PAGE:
When polarized media represented the “good old days”

A 9-year-old news boy named Israel, selling papers on a Washington, DC street in 1912. Photograph by Lewis Hine, from the Library of Congress

My essay quotes Samuel Strauss, an early critic of what he called “consumptionism” in a touchstone 1924 Atlantic article. That article includes a striking analysis of what Strauss saw as the perverse effects of consumer advertising on the era’s newspapers. Readers, he complained, no longer looked to newspapers to tell them what to think, merely what to buy. Driven by advertising, journalism was no longer sectarian. It sought to represent consensus views.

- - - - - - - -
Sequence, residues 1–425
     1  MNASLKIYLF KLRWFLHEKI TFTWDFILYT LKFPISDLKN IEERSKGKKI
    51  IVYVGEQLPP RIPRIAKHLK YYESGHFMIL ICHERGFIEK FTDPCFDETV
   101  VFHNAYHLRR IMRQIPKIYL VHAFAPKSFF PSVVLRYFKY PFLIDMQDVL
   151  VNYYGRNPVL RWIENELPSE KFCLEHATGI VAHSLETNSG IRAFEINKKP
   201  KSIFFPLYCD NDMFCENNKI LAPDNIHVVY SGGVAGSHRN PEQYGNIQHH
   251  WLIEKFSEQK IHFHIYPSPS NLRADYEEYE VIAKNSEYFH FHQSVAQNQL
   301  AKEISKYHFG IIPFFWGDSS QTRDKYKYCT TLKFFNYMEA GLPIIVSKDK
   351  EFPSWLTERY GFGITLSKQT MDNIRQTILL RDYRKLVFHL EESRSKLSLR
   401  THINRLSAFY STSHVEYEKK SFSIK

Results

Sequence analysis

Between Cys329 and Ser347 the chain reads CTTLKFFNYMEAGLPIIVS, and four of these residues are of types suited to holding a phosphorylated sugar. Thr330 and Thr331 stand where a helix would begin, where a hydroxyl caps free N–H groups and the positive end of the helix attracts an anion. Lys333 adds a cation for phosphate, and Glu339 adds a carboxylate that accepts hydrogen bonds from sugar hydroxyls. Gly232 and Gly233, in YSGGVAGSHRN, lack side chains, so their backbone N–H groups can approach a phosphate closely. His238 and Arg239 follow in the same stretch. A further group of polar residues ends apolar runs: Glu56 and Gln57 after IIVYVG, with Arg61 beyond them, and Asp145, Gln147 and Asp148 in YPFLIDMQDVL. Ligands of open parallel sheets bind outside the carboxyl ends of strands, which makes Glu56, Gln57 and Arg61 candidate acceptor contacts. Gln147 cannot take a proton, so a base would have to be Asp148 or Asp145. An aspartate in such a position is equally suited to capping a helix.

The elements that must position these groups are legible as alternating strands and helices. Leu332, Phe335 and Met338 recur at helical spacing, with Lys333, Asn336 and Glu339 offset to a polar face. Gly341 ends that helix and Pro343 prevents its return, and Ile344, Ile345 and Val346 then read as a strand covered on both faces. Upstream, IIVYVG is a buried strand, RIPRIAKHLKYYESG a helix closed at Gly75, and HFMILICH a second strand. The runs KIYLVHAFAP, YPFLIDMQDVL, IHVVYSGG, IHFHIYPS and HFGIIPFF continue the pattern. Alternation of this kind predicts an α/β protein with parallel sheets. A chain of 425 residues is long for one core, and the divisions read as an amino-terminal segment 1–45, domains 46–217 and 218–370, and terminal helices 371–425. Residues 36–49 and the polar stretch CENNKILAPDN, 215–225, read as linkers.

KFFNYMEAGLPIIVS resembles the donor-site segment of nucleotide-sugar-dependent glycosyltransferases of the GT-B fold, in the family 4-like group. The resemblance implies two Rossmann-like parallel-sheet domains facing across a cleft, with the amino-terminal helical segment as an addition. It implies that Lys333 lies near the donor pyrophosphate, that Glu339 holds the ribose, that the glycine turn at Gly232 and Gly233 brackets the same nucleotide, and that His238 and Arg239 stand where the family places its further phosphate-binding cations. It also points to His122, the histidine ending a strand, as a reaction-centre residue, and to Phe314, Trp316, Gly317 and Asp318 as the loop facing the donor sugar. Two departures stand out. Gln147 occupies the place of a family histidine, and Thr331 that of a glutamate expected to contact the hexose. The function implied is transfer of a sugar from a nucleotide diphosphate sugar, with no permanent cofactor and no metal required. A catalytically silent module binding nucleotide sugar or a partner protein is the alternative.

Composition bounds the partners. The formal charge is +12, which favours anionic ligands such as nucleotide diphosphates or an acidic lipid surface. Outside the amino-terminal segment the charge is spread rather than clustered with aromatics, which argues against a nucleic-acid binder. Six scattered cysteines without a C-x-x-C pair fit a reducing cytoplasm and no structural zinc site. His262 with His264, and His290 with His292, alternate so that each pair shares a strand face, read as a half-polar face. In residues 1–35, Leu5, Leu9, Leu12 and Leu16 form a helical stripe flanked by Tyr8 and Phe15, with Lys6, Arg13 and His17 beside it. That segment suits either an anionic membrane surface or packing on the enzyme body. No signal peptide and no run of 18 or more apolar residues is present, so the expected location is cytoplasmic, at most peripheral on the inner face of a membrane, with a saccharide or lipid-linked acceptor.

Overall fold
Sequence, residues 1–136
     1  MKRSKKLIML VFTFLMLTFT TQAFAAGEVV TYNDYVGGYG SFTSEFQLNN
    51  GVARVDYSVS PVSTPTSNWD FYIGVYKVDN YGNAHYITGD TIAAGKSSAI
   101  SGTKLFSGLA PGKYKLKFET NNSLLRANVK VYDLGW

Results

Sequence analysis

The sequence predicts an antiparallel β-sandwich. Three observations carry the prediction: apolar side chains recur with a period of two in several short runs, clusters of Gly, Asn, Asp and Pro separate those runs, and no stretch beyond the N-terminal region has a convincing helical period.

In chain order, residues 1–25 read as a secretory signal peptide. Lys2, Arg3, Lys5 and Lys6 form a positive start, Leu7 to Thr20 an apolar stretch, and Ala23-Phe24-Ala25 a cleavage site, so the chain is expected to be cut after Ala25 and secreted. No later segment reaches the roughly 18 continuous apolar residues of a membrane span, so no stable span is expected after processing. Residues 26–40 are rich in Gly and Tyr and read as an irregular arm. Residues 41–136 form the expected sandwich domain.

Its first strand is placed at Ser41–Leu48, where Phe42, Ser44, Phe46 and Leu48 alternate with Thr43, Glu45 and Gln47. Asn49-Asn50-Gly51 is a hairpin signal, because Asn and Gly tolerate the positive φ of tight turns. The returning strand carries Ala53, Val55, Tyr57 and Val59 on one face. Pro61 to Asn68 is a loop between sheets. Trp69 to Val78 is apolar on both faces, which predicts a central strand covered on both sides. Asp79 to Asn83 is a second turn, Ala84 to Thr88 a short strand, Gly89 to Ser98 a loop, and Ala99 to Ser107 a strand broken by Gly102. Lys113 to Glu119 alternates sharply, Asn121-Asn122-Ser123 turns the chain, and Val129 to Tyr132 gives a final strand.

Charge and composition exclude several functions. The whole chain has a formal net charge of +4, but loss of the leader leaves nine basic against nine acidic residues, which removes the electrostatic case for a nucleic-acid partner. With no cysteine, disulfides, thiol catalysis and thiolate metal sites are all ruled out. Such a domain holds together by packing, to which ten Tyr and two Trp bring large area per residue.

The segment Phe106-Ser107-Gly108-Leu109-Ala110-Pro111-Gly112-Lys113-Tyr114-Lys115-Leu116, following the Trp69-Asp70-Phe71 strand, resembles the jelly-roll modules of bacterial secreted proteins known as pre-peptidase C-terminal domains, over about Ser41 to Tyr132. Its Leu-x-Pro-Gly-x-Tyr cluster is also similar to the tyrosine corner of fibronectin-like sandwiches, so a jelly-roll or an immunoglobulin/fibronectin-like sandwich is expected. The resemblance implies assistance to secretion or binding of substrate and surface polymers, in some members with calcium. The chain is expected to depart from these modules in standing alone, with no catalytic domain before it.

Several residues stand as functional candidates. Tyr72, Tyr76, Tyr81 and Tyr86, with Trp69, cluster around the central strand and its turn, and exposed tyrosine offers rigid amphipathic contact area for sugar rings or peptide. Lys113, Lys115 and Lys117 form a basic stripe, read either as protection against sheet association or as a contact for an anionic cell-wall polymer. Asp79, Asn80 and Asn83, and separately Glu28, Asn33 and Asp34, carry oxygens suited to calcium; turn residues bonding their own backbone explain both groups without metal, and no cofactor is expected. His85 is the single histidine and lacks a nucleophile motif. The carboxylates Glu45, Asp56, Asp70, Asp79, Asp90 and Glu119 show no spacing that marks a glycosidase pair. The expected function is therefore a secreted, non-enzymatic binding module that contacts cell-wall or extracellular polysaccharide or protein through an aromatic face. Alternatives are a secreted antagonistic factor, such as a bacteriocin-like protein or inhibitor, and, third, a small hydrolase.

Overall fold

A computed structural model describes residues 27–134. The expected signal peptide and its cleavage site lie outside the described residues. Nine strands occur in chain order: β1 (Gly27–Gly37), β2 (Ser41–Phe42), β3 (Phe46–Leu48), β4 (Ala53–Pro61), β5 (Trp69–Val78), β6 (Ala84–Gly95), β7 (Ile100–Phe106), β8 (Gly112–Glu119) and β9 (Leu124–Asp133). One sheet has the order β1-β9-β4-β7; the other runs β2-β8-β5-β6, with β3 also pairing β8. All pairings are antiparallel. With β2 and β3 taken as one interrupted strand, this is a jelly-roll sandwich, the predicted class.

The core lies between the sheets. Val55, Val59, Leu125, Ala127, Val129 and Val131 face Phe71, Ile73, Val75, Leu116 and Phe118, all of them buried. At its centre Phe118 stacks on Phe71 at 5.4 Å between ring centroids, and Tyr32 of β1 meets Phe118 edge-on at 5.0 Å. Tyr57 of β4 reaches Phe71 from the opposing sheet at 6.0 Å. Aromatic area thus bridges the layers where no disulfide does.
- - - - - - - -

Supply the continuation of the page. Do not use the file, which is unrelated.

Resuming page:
America’s newspapers used to be, before all else, the expression of the tempers and beliefs which set small groups of citizens apart from one another. Newspapers are coming to be, before all else, instruments for those needs and desires men have most in common. Large communities which formerly had a dozen newspapers are being reduced to two or three newspapers; what logical reason eventually to have even so many as two or three?